On 23 October 2018, the Brussels Privacy Hub and the International Committee of the Red Cross hosted a side event at the 40th edition of the annual International Conference of Data Protection & Privacy Commissioners (ICDPPC). The event launched the working series to update the Handbook on Data Protection in Humanitarian Action (Handbook) which was published in July 2017. The revised and more extensive version of the Handbook is due to be issued in January 2020.
The discussion about the issues that urgently need to be addressed in the new edition of the Handbook was opened by Yves Dricot (Deputy Director-General of the Directorate General Development Cooperation and Humanitarian Aid, Belgian Ministry of Foreign Affairs), Massimo Marelli (Head of Data Protection Office, International Committee of the Red Cross) and Christopher Kuner (Co-Director, Brussels Privacy Hub). Alexandrine Pirlot de Corbion (Global South Programme Lead, Privacy International) provided a balanced moderation to the discussion, adding relevant insight about existing and emerging data protection challenges for humanitarian organisations. In their contributions, panellists Christina Vasala Kokkinaki (Legal Officer, International Organisation for Migration), Stuart Campo (Researcher, Signal Program on Human Security and Technology, Harvard Humanitarian Initiative) and Wojciech Wiewiórowski (Assistant European Data Protection Supervisor) emphasised that while there is a legal vacuum in which humanitarian organisations often operate, there is a need for examples of good practice and guidance such as the ones provided in the Handbook that would facilitate the use of technology and application of data protection principles in the humanitarian field.
Acknowledging the added value of the Handbook: the panellists recognised that the first edition of the Handbook provided guidance to the humanitarian sector on the application of data protection principles that was missing at that time. The Handbook was well-received among humanitarian actors as it included guidelines on the application of data protection principles and requirements when technologies of relevance for the humanitarian sector are adopted, such as Cash Transfer Programmes and Biometrics.
Technology in the humanitarian sector: it was commonly recognised that new technologies allow humanitarian organisations to better read fragmented conflicts, reach more people in protracted crises and help beneficiaries reconnect with their family and friends. However, deploying new tools without fully understanding the risks and possible negative outcomes can also endanger those in need. Therefore, the right balance must be found between the excitement of implementing new technologies impulsively and carelessly and the overcautious attitude of avoiding new technologies because they might be hard to understand, giving up the benefits they can bring.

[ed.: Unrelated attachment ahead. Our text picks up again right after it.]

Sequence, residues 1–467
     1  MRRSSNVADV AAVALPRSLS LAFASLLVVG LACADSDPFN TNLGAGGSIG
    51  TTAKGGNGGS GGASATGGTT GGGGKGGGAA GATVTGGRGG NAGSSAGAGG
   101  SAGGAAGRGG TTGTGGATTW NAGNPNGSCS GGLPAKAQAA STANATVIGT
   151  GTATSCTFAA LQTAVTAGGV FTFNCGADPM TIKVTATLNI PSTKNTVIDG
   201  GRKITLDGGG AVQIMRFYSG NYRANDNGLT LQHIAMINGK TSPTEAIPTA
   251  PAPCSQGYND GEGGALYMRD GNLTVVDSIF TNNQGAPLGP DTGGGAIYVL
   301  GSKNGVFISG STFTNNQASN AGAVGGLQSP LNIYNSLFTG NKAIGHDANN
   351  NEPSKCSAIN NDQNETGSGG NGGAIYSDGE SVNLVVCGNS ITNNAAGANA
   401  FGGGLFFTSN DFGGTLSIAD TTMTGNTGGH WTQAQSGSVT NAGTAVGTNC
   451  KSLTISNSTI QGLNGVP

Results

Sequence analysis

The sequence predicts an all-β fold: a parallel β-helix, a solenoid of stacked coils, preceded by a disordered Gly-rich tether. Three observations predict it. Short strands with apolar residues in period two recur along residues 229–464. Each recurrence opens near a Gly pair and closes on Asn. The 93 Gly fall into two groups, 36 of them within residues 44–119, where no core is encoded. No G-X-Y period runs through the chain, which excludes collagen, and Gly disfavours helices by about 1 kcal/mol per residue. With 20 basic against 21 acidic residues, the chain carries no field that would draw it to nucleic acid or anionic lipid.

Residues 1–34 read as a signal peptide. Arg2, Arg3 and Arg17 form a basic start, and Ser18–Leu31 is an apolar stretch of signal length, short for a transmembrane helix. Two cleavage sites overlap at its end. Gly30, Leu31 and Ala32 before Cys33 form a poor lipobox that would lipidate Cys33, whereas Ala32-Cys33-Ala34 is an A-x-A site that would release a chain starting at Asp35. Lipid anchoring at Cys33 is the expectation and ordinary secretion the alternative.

In this regard, the Handbook offers guidelines to humanitarian organisations on how to protect data in accordance with general data protection principles and the consequences and applications of specific technologies. Guidelines in this area are much needed not only due to the constant technological changes that we experience today, but also due to the change in the characteristics of crisis and conflicts and in the needs of beneficiaries of humanitarian aid.
Individuals first: the panellists recurrently affirmed during the discussion that humanitarian organisations work to protect those in need and that all efforts in relation to technology should aim at furthering this protection. In this regard, this is not a sector in which it is possible to try out new technologies without having a full understanding of the possible outcomes. Misusing tools in humanitarian actions can put lives in danger. It was also noted that while data protection relates exclusively to personal data, the use of technology can also harm communities (e.g., certain groups) and this should also be considered by humanitarian organisations when dealing with new tools. Furthermore, to ensure that beneficiaries are not harmed by the use of technology, it is essential that humanitarian actors engage in discussions with other sectors to help shape the future of technology and the development of tools that do no harm.
Working together for a second edition: The first edition of the Handbook was well-received by humanitarians and feedback sent to the working group shows that it has been used in practice. However, due to constant changes in the technologies that are coming together to form humanitarian programs, there is a need to update the Handbook to include new chapters on different technological tools that can be used in the sector. The second working series also offers an opportunity for the Handbook to include more practical examples that can further guide those working in the field.
In order to achieve its goal and provide relevant and up-to-date guidelines on data protection for humanitarian actors that could be applied worldwide, the working series for the second edition of the Handbook is going to bring together different stakeholders to conduct a comprehensive analysis of the most pressing issues in data protection affecting the humanitarian sector. In this regard, the working group for the second edition has been expanded to include more representatives of humanitarian organisations, data protection authorities, academics, NGOs, and experts on relevant topics.
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